A few days after the OPEC+ alliance announced a 2 million-cut in oil production, many Democrats rebuked the move, calling for Biden to rethink relations with Saudi Arabia and other OPEC+ members.
It was last week on Wednesday that the OPEC+ alliance announced its intention to cut oil production by 2 million barrels a day. The move, which represents the largest cut in production since the start of the pandemic, is very likely to increase global gas prices once again amid huge gas shortage in the West.
The OPEC+ decision was quickly criticized by Washington. In a statement this past Thursday, the Biden administration said it was disappointed in the decision, calling it “shortsighted” in light of global energy prices already lifted higher by Russia’s invasion of Ukraine; “At a time when maintaining global supply of energy is of paramount importance, this development will have the most negative impact on lower- and middle-income countries that are already reeling from elevated energy prices,” the statement said.
President Biden himself told reporters on the same day that he was disappointed in the decision by OPEC+ and said, “We’re looking at what alternatives we might have,” he said.
Then on Tuesday, the US president promised to impose “consequences” on Saudi Arabia for teaming up with Russia to cut oil production, signaling a rupture in the relationship between two longtime allies; “There’s going to be some consequences for what they’ve done with Russia,” Mr. Biden told CNN’s Jake Tapper in an interview broadcast Tuesday night.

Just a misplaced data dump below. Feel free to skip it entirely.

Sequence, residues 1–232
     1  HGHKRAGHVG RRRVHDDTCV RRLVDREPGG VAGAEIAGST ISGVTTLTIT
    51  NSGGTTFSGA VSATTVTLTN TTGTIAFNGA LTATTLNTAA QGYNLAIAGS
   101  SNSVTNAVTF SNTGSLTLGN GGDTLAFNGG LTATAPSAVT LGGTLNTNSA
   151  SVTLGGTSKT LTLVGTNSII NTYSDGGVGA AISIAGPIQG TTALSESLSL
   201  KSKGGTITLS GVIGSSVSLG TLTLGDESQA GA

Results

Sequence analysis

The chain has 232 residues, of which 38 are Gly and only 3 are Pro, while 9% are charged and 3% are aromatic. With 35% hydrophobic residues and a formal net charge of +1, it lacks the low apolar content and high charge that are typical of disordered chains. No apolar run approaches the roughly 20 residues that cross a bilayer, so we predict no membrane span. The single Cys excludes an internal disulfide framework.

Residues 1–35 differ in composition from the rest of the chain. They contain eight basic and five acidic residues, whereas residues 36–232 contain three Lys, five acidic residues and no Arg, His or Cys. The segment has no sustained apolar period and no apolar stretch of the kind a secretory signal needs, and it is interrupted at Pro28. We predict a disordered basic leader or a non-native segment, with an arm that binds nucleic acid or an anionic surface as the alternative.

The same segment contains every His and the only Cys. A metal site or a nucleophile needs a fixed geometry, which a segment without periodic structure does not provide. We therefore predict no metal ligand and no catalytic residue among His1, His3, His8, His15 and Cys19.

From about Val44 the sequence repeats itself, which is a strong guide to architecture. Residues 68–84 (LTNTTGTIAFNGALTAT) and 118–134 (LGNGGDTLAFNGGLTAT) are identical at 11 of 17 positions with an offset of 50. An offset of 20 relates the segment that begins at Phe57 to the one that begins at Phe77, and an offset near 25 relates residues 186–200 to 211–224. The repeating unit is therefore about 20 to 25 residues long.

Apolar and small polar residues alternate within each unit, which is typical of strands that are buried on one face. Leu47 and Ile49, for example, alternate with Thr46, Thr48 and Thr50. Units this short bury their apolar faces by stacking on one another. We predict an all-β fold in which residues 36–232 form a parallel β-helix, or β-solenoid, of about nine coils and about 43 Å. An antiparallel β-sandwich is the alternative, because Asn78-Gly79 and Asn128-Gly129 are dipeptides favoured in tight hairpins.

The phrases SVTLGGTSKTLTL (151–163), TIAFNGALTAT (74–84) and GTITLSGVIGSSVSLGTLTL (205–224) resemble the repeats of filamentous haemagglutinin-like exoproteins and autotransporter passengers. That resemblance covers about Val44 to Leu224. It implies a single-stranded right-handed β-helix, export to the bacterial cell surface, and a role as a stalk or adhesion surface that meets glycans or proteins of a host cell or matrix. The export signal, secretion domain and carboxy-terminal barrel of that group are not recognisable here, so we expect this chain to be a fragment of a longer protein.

Good to mention that oil prices affect not just the price at the pump but also the cost of virtually everything in our fossil fuel-dependent economy, and are a major driver of inflation.
US lawmakers reacted too
Some Democrats in Congress also reacted to the oil production cut directed by Saudi Arabia and called to reexamine US ties with key oil producers, and even proposed withdrawal of US military support from Saudi Arabia and the United Arab Emirates.
A number of House Democrats such as Pennsylvania Rep. Susan Wild, Illinois Rep. Sean Casten and New Jersey Rep. Tom Malinowski, all called the move “a hostile act” and a “turning point” in the relationship between the US and the two Gulf states, introducing legislation to remove US military support from the two countries.
In this regard, Malinowski said; “I just don’t see any good reason for us to maintain troops that are there almost solely for the purpose of protecting their oil fields and their security interest. It just doesn’t make sense to me.” He also noted that he believes the move was “deliberate” to hurt the U.S. as it supports Ukraine in the war the Russian invasion and deserves a swift response.
“There’s no question that MBS [Mohammed bin Salman], particularly the crown prince of Saudi Arabia, shares Putin’s worldview more than he shares ours. He doesn’t appreciate American advocacy for democracy in the world.” Malinowski added.
More practical measures against Riyadh
The OPEC+ move was met also with practical reactions from Washington. Through a letter from the American embassy in Riyadh, the Biden administration announced this Tuesday that it has cancelled a meeting between the United States and Saudi Arabia that was planned to take place in Riyadh on Iran missile program.
“The Embassy of the United States of America presents its compliments to the Gulf Cooperation Council Secretariat and hereby informs the Gulf Cooperation Council that United States officials will not be able to participate in the planned meetings of the United States – Gulf Cooperation Council Working Group on Iran Integrated Air and Missile Defense,” the letter read.
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